Versions: Far too many! The original VUZ version was reissued on Rudy’s own Beton Kopf Media label as soon as he was able. Metropolis released the album in the USA with a few remixes subbing for album tracks (wish they wouldn’t do that). Later on, ‘Music For A Slaughtering Tribe II’ was released, which re-ordered the tracklist to even out the quiet-loud tracks and added a remix disc. We later got vinyl issues when the format came back into style in 2011 and there’s a 3CD ‘Monument Edition’ should your wallet and/or Wumpscut devotion be sufficiently deep. You can get most (but not quite all) the bonus tracks digitally on the Concentrated Camp edition.
But whether any of that is worth the effort is up for debate. Haujobb remixes a couple of songs, but his tech-beat-meets-industrial style doesn’t really capture the feel of the originals. Brain Leisure contribute a couple of mixes that are closer to the mark, recognisable as alternate interpretations than a wholesale replacement, though they’re not compulsive listening, either. I was also disappointed with Kirlian Camera’s take on “She’s Dead”, a rather dull bass loop knocking the life out of the original’s atmospherics. There’s also a slew of draft versions and instrumentals, but the quick summary is that in every case, the strongest version of each song made it onto the album.
Two EPs followed in 1994. Dried Blood, was the first, a brief diversion onto the Ant-Zen label, run by Stefan Alt (who also designed much of album art you’re seeing as you read). The key track here is Black Death (French Concept), the first of Rudy’s quiet-LOUD masterpieces. Time and time again, the delicate beat and spoken-word fem-vox build up and release through a furious riff of extreme metal proportions. The contrast between the alternating phases of the tune is one we wouldn’t see that many more times, and as we’ll see later, it’s to the detriment of the project. The remainder of the EP features an early version of the urgent, klaxon-propelled Dying Culture (the definitive version is on the next full-length) and a couple of other cuts along similar lines. The detuned loop that provides a foundation for Funeral Diner is a curiosity, otherwise it’s as relentless as the first half of MFAST was.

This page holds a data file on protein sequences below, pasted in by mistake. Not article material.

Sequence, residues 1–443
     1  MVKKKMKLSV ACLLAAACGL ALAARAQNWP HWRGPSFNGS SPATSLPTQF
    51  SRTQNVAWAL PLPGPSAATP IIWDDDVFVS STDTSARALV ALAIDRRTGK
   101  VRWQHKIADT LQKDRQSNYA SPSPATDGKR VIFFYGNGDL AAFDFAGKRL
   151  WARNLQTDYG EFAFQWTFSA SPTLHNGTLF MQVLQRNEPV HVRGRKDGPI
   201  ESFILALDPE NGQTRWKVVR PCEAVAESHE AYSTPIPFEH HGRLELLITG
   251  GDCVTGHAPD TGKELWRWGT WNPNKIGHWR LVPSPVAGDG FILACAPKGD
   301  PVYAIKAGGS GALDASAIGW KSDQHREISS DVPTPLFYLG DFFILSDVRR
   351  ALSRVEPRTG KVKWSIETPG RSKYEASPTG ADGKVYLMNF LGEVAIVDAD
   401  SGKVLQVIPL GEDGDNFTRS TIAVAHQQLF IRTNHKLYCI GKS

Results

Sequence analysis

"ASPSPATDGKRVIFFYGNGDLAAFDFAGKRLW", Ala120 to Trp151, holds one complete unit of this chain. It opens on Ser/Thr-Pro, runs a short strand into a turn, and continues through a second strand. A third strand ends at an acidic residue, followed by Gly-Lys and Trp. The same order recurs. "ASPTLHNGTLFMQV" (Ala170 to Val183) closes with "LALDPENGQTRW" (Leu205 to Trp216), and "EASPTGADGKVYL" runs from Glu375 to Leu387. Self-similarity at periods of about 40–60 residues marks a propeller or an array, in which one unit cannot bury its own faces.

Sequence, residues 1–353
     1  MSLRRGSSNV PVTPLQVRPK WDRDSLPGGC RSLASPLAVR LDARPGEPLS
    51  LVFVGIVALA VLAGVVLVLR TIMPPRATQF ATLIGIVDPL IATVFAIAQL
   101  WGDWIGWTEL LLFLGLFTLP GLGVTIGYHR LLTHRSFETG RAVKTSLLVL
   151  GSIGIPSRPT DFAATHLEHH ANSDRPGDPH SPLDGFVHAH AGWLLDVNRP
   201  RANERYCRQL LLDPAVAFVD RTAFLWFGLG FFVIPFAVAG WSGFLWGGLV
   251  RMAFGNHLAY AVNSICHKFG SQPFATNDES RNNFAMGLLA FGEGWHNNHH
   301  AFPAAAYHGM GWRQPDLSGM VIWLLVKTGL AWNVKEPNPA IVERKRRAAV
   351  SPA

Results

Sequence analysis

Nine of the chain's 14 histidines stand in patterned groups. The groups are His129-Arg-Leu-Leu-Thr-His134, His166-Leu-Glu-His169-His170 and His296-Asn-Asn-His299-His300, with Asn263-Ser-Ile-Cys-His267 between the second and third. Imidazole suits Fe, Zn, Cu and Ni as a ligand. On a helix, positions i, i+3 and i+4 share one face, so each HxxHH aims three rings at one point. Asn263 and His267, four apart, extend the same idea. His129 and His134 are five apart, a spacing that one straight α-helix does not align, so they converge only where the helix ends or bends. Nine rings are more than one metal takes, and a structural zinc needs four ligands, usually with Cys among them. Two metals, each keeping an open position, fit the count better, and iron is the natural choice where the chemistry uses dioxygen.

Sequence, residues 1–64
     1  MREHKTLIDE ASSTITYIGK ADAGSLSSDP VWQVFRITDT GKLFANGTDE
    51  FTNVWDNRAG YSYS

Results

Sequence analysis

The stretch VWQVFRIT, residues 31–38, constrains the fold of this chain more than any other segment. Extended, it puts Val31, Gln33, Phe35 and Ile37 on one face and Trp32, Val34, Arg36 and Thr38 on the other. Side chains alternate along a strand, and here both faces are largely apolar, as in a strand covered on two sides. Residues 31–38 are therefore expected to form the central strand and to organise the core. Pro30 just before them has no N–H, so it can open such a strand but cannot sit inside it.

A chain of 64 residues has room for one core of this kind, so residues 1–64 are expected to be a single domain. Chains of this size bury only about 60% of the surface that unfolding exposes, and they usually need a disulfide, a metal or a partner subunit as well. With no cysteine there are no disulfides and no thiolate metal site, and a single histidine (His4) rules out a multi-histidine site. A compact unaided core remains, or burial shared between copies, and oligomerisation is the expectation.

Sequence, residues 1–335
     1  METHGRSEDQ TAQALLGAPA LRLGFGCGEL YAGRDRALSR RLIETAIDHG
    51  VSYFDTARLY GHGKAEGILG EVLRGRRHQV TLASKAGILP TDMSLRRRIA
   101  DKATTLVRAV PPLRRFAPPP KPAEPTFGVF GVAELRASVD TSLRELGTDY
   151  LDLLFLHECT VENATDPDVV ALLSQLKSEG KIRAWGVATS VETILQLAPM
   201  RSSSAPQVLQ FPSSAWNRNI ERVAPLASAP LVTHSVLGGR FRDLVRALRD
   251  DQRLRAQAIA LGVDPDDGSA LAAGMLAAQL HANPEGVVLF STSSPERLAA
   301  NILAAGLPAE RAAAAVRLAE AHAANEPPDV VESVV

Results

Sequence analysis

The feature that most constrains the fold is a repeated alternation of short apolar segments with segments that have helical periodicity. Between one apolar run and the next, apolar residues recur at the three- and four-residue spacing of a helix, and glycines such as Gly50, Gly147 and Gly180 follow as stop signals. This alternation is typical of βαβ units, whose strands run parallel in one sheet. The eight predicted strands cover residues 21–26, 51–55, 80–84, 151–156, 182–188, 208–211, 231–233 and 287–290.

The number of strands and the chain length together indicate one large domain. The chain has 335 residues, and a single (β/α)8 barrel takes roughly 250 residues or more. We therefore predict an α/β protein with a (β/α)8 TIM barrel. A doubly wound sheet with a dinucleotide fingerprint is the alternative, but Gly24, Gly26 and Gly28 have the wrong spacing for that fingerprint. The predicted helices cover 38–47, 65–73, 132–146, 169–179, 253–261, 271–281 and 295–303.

Gomorra (his spelling, not mine) arrived in the same year, and with it, the appearance of Rudy’s own label, Beton Kopf Media, releasing all Wumpscut recordings in Europe from this point, although Metropolis would provide USA-specific editions in parallel. The tracks on offer are the usual combination of no-holds-barred industrial-strength slammer (In The Night the strongest thanks to a pause-for-breath chorus) and a few moments of subtlety, but viewed with a retrospective eye, it’s really a precursor to what would be the strongest creative phase in Wumpscut’s history.
Versions: Both EPs were issued multiple times, with a remaster along the way. However, in the current era, you’re most likely going to encounter these two combined as Dried Blood of Gomorrha (pictured). The running order of the originals is not preserved, with the “big” tracks from each EP (Black Death and In The Night) in positions 1 and 2 on the CD-or-online-equivalent, effectively turning it into an album in its own right.